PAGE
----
A life cycle assessment of ethanol produced from sugarcane molasses

Master Thesis


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University of Cape Town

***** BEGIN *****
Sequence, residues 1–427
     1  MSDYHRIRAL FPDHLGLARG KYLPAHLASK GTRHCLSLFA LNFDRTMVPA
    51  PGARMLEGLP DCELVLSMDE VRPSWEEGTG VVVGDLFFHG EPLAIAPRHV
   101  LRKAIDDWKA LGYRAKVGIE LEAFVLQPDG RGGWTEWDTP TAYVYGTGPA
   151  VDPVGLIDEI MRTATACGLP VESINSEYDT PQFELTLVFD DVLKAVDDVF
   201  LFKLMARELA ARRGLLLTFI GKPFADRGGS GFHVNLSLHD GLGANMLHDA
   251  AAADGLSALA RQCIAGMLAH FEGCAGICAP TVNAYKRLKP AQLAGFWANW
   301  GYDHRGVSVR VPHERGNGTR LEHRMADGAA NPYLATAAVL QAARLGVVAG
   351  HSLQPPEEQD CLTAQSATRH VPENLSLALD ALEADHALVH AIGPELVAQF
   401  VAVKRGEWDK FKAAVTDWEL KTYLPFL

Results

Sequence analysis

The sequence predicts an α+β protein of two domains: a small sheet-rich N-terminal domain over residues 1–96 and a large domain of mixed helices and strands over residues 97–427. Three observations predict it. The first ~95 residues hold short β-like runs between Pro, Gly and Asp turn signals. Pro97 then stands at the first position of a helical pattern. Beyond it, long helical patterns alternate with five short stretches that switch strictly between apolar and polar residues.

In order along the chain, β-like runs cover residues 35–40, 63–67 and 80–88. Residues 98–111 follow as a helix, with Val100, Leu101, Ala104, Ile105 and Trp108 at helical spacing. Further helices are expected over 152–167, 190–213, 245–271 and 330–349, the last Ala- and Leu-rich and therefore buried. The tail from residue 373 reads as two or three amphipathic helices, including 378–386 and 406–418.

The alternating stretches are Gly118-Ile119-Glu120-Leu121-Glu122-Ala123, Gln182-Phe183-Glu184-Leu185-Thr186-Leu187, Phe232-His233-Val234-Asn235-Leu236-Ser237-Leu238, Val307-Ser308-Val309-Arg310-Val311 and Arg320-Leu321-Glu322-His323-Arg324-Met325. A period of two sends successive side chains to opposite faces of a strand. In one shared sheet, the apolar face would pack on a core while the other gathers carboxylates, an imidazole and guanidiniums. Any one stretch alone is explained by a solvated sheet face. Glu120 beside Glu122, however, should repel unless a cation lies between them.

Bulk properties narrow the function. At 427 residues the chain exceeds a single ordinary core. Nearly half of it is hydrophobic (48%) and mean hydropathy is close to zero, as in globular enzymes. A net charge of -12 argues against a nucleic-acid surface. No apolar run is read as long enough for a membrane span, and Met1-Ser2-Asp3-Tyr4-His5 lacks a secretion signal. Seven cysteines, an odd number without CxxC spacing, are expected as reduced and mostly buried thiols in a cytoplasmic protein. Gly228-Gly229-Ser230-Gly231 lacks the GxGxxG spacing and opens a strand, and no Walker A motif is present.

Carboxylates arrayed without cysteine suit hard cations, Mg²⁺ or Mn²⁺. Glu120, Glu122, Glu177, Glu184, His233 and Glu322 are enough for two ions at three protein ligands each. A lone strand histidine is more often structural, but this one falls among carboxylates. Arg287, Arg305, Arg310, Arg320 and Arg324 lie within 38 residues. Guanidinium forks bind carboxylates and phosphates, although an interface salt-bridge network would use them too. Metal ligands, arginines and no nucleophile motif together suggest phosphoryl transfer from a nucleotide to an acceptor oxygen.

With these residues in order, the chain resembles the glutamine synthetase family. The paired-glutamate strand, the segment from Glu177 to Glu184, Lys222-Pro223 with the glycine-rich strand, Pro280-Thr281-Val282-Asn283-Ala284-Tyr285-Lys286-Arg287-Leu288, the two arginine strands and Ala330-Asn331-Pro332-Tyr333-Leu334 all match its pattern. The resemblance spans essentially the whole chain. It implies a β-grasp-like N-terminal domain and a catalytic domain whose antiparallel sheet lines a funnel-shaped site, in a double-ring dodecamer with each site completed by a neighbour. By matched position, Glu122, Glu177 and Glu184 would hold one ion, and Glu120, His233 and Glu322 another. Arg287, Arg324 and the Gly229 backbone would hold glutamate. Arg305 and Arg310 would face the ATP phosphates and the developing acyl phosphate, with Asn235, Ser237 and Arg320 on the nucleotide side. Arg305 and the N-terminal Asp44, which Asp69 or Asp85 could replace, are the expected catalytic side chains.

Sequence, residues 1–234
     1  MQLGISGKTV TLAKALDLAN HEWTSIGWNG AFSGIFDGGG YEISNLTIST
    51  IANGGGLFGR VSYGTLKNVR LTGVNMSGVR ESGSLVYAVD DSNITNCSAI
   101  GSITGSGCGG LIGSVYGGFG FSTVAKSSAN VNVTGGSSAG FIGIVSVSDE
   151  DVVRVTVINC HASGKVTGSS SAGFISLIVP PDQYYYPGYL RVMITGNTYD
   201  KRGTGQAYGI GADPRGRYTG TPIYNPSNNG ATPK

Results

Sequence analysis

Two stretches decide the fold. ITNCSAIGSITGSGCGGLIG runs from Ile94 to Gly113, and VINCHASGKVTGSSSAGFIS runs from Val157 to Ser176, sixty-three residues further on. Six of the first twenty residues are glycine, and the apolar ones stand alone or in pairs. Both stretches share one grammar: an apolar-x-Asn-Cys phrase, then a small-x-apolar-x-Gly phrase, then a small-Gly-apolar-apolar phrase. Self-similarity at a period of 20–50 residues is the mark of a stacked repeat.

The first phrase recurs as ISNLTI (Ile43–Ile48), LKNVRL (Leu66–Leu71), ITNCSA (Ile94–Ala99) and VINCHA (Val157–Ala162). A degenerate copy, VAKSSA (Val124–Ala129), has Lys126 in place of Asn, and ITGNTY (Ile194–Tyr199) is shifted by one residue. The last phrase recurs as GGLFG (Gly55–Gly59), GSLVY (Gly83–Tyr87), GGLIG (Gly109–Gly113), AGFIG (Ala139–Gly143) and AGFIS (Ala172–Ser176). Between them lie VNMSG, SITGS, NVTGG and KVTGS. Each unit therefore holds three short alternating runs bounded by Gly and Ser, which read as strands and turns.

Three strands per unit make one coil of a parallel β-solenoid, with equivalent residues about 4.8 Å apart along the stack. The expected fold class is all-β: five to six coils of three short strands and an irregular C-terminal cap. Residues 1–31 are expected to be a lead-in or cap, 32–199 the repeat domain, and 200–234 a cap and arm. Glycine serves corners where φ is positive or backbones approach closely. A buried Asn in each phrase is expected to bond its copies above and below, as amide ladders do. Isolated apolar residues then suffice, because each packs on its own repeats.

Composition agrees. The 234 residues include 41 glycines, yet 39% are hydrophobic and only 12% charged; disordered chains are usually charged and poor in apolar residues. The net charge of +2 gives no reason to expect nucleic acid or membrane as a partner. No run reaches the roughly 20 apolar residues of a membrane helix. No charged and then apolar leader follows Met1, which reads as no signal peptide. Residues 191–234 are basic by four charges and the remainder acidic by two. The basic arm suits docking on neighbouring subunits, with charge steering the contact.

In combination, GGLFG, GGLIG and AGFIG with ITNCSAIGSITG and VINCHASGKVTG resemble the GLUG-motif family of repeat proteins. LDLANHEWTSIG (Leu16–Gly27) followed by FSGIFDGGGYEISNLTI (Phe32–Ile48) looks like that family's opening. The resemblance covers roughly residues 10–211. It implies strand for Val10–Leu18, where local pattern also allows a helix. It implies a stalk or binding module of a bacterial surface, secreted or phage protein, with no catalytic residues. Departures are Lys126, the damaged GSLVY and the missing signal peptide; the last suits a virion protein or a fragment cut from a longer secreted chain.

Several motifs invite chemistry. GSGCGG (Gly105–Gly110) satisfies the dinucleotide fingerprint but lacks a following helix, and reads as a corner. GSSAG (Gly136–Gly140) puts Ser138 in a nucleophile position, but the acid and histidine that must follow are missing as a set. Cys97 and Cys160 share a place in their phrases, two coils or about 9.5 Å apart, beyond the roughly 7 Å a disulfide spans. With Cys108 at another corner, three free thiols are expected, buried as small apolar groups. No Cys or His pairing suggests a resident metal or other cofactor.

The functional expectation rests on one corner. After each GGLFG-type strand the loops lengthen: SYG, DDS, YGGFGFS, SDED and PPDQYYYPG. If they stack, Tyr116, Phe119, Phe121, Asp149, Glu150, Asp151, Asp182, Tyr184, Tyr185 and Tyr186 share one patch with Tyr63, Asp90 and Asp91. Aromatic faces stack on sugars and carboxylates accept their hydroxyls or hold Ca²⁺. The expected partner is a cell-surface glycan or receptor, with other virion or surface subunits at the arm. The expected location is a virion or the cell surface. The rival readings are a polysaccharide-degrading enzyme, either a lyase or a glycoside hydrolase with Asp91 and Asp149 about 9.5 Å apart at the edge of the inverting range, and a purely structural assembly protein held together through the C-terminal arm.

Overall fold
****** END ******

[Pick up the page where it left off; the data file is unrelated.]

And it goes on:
The environmental performance of production companies is increasingly becoming part of strategies for the competitive marketing of their products, as consumers grow more aware of environmental issues surrounding industry. Similar products can be compared by the tool of Life Cycle Assessment (LCA) from the perspective of their impacts on the environment from which their production resources are drawn and to which their burdens are released. There is the inherent perception that products made from renewable resources are environmentally more desirable than those which are produced from finite resources. This thesis investigates whether this conception is valid for the case of ethanol produced from biomass, by describing and interpreting the various stages of the production process by means of an LCA. Sugarcane (Saccharum o/ficinarum) contains 12 - 17% sugars on a wet basis, and 68 -72% moisture. The sugar composition is 90% sucrose and 10% glucose or fructose. In the conventional sugar production industry, syrup containing about 34% sucrose (molasses) remains after sugar crystals are formed from the clarified juice. This sucrose can be fermented to produce ethanol whose uses include potable consumption and the production of chemicals, but there is growing interest in its possible use as an additive for motor-grade gasoline, as well as its use as neat fuel to replace crude-oil based fuels. This thesis presents a cradle to gate life cycle study carried out with the aim of determining the environmental consequences of producing ethanol from sugarcane molasses. The investigation was done for a sugar producing company in the Kwa-Zulu Natal Province of South Africa, whose interests also lie in the beneficiation of value addition products from sugarcane. The goal of the study was to produce a comprehensive inventory of all the energy and material inputs and outputs involved in the production of the 1 kl (1000 litres) of bio-ethanol, using Life Cycle Assessment (LCA). Concepts of carbon closure and fossil energy ratio were chosen to represent measures of the degree of renewability of the system, and the results were compared to values derived from the literature on life cycle assessments of similar bioenergysystems.